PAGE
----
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Output Clipping

Clipping is the process of ignoring output pixels that don't fall within the output line. These pixels can be ignored prior to being calculated.

By projecting the left edge of the output line into the input pixel line, it can be determined where in the input pixel line the first output pixel should begin. This point is unlikely to be on an input pixel boundary, which means that interpolation should begin with a partial input pixel. This can be simply accommodated by initializing the first value of INSEG to a value less than 1.0. In this manner all beginning border pixels in the output line can be properly mapped.

FIGURE 7. Example of clipping.

Figure 7. Example of clipping.

Figure 7 illustrates clipping where the output line is to begin at -2.53 with a size factor of 0.75. If the beginning of the first input pixel maps to -2.53 in the output line, then we have to move 2.53 output pixels' worth of input pixels into the input line. This input offset (INOFF) is:

INOFF = 2.53 * 1.33 = 3.37

To begin at input pixel location 3.37, just set the input pixel to 3 and INSEG to:

INSEG = 1.0-0.37 = 0.63

End-of-line clipping is automatically accommodated by simply terminating when the last whole output pixel is generated. The last output pixel at the end of the line will automatically be a properly mapped output pixel.

Expansion Smoothing

Expansion with the algorithm as described results in a blocky output image. As illustrated in Figure 8, several output pixels of identical value are generated from a single pixel. These areas of identical value lend a blockiness to the output line. This can be accommodated with a simple expedient. Instead of inputting raw pixel values to the interpolation algorithm, we can take pixel values from a one-pixel-wide averaging window traversing the raw input pixels based on the value of INSEG. INSEG can be viewed as a pointer to the spatial position of utilization of input pixels. The averaging window can be viewed as delivering one pixel's worth of input value beginning at INSEG.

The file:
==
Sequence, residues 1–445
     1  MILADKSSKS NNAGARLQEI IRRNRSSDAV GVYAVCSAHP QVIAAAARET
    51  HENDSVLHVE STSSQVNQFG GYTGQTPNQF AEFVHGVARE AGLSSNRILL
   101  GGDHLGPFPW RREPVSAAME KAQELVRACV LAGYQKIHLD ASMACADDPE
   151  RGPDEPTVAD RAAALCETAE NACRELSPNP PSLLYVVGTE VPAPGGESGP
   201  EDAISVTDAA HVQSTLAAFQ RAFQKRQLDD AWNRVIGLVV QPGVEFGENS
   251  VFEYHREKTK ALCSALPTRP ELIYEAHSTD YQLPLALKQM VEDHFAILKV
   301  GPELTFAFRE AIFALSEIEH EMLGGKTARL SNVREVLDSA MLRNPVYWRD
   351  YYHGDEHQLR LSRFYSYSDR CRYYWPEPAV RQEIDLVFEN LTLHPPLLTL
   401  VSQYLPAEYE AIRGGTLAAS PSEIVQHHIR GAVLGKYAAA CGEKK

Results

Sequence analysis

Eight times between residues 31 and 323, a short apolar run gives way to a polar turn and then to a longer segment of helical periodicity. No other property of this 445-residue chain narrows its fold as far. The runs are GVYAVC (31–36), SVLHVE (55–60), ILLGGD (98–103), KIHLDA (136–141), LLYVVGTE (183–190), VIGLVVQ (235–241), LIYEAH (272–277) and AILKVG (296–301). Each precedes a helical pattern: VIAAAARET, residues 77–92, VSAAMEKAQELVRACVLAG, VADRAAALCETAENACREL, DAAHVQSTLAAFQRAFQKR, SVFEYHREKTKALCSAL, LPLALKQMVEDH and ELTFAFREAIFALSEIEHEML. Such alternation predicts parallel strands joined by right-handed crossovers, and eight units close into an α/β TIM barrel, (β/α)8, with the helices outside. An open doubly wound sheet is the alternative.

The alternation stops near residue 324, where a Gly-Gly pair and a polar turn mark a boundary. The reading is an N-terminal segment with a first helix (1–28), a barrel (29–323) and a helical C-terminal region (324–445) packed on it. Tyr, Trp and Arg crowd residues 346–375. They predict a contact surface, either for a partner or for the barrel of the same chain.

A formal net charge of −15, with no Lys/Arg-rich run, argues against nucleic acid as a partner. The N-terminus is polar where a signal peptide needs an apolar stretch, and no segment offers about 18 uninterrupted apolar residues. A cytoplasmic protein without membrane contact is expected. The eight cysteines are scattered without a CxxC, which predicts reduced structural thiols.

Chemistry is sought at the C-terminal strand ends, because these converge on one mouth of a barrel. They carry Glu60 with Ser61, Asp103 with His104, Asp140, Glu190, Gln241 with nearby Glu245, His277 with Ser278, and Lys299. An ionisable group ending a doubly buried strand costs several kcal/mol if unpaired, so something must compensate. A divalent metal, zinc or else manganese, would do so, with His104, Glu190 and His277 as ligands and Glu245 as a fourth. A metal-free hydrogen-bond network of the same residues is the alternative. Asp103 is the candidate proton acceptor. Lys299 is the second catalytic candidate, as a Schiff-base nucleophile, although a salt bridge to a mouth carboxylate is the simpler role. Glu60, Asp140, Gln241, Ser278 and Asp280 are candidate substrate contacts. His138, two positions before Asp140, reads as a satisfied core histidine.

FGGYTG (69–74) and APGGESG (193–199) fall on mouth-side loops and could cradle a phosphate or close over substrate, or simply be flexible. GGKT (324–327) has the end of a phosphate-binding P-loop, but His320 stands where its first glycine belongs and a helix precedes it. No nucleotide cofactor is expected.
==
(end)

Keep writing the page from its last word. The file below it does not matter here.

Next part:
Figure 8. Example of expansion blockiness.

Figure 8. Example of expansion blockiness.

This relationship is:

input pixel = INSEG * current pixel + (1.0- INSEG) * next pixel

The operation of the averaging window and its effect on the output is illustrated in Figure 9.

During shrinking the averaging window is ineffective because INSEG is 1.0 most of the time, effectively disabling the averaging. Therefore the window can be operated continuously for all transforms, whether they are expanding or shrinking.

Figure 9. Example of expansion with averaging window.

Figure 9. Example of expansion with averaging window.

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